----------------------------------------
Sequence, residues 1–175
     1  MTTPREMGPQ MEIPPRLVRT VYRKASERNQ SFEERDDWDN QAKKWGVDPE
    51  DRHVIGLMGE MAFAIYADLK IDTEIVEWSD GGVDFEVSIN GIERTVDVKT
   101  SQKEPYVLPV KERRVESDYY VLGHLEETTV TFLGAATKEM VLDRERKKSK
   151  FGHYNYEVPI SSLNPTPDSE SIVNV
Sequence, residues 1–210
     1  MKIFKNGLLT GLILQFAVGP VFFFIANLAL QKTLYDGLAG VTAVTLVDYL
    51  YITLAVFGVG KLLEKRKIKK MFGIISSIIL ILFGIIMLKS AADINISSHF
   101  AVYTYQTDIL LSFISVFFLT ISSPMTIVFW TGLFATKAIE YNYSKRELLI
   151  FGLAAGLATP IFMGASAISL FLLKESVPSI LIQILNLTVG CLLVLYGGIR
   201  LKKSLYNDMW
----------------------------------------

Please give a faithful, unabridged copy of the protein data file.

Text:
Sequence, residues 1–175
     1  MTTPREMGPQ MEIPPRLVRT VYRKASERNQ SFEERDDWDN QAKKWGVDPE
    51  DRHVIGLMGE MAFAIYADLK IDTEIVEWSD GGVDFEVSIN GIERTVDVKT
   101  SQKEPYVLPV KERRVESDYY VLGHLEETTV TFLGAATKEM VLDRERKKSK
   151  FGHYNYEVPI SSLNPTPDSE SIVNV
Sequence, residues 1–210
     1  MKIFKNGLLT GLILQFAVGP VFFFIANLAL QKTLYDGLAG VTAVTLVDYL
    51  YITLAVFGVG KLLEKRKIKK MFGIISSIIL ILFGIIMLKS AADINISSHF
   101  AVYTYQTDIL LSFISVFFLT ISSPMTIVFW TGLFATKAIE YNYSKRELLI
   151  FGLAAGLATP IFMGASAISL FLLKESVPSI LIQILNLTVG CLLVLYGGIR
   201  LKKSLYNDMW